The cell cycle is a series of phases that takes place in a cell as it grows and divides. The cell spends most of its time in interphase. During this interphase the cell grows, replicates its chromosomes, and prepares for cell division. Once the cell leaves interphase, it will undergo the process of mitoses and start divining in order to create daughter cells. These new daughter cells will then enter their own interphase and begin a new round of the cell cycle. The cell cycle and its cues are of the utmost importance, because without the cues the cells can either multiply continuously, forming masses, or will not multiply. These cues are cyclins which controls the cell cycle progression.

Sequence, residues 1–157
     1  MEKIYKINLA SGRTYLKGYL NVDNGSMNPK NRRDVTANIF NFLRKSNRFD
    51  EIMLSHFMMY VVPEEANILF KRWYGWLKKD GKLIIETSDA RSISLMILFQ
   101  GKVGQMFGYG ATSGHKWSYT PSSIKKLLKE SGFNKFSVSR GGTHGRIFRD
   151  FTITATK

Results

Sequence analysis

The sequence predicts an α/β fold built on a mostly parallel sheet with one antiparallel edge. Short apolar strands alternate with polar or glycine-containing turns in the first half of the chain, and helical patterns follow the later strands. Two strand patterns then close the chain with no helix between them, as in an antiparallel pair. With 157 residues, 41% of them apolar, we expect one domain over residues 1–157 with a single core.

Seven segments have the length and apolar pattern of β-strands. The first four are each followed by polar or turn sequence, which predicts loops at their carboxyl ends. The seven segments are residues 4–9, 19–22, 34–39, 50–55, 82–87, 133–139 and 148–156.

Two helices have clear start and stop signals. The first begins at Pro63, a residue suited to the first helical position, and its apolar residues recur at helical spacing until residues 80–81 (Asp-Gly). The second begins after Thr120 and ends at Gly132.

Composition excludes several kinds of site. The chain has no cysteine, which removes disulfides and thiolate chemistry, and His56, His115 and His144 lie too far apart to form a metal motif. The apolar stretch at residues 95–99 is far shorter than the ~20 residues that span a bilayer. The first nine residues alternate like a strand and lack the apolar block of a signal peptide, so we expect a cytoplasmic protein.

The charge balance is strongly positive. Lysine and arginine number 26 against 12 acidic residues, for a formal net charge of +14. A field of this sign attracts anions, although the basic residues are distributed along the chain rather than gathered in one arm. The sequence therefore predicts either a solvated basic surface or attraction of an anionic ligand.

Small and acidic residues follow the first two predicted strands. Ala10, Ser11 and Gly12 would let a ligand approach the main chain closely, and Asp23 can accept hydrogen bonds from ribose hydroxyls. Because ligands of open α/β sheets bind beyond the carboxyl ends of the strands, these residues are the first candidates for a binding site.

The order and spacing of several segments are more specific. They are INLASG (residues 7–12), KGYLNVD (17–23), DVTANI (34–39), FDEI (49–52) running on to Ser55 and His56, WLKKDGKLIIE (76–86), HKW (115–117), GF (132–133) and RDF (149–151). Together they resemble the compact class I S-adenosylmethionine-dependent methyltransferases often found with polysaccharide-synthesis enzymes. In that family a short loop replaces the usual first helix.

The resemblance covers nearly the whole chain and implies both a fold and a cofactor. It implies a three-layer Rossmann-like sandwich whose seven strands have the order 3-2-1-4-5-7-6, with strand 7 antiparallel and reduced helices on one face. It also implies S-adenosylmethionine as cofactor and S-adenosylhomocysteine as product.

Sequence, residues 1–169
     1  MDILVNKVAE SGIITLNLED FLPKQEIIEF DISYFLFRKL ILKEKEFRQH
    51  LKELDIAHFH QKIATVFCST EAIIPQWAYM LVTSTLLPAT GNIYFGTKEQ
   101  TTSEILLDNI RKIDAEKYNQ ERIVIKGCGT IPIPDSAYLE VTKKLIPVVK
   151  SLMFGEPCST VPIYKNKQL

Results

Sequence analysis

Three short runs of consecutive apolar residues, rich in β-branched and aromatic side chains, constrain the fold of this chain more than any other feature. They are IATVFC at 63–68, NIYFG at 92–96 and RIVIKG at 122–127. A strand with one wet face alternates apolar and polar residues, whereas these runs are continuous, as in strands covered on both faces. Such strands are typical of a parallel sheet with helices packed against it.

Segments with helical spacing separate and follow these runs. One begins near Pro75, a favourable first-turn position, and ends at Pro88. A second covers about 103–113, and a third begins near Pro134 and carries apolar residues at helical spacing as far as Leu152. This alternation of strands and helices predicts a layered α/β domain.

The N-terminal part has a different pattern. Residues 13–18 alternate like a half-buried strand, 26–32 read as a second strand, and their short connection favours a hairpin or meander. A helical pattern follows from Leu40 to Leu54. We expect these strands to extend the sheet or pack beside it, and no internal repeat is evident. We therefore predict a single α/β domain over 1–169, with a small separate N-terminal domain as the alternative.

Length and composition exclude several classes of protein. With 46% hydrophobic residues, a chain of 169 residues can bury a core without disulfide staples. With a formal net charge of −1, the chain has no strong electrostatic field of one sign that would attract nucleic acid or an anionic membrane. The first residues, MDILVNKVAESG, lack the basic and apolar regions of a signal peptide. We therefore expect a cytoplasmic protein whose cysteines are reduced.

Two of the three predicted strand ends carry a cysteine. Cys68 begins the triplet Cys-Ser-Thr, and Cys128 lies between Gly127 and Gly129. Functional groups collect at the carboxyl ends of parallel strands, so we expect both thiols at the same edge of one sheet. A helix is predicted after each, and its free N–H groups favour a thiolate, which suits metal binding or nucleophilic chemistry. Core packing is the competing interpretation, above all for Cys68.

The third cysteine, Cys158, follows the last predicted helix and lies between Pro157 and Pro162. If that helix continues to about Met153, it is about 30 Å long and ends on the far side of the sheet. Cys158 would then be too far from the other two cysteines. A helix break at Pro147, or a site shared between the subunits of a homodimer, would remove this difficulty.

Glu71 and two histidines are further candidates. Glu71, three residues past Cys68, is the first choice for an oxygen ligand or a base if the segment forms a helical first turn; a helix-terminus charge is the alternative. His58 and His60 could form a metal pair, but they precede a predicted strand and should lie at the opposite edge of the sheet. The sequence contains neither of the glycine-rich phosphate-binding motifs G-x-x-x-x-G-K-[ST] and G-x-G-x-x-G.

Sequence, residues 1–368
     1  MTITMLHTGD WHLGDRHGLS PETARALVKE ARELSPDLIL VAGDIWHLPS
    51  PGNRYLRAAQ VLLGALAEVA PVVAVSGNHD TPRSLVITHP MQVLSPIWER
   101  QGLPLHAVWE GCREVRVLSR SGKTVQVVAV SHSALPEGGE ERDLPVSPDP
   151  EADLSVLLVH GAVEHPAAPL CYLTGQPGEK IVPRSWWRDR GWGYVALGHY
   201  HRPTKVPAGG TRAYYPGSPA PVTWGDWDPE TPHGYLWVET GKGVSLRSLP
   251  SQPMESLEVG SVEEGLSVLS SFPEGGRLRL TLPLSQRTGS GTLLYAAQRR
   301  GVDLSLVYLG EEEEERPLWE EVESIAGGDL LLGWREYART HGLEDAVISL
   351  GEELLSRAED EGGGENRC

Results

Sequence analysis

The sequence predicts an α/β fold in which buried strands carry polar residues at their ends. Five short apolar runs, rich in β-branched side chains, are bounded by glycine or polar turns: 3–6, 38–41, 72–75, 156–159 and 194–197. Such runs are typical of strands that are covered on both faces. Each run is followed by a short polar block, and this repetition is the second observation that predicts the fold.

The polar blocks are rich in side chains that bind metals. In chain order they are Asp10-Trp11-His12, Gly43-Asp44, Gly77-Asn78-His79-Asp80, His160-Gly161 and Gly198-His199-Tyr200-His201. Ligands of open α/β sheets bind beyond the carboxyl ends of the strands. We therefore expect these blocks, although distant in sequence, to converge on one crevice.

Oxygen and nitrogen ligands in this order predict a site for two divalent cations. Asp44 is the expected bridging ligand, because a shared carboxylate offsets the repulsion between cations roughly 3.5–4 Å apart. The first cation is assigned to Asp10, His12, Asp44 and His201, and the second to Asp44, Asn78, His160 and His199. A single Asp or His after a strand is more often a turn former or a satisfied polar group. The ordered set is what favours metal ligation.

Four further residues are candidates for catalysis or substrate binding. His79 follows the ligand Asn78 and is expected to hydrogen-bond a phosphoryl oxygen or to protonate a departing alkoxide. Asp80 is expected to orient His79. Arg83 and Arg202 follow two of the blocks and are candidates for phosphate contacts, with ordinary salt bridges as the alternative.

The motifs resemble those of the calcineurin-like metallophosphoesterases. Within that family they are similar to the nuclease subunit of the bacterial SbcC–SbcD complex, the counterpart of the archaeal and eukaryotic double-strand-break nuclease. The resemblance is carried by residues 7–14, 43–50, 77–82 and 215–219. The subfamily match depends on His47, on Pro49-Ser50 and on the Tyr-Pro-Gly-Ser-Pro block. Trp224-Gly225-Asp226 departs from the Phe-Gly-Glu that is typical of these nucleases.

CD antigens have played a significant role in both diagnosis and treatment for several diseases ranging from autoimmune diseases to cancer. CD antigens are often used as drug targets in drug discovery and as biomarkers in diagnosis because they are both highly specific and are located at the surface of the cells to target different to identify and investigate cell surface molecules.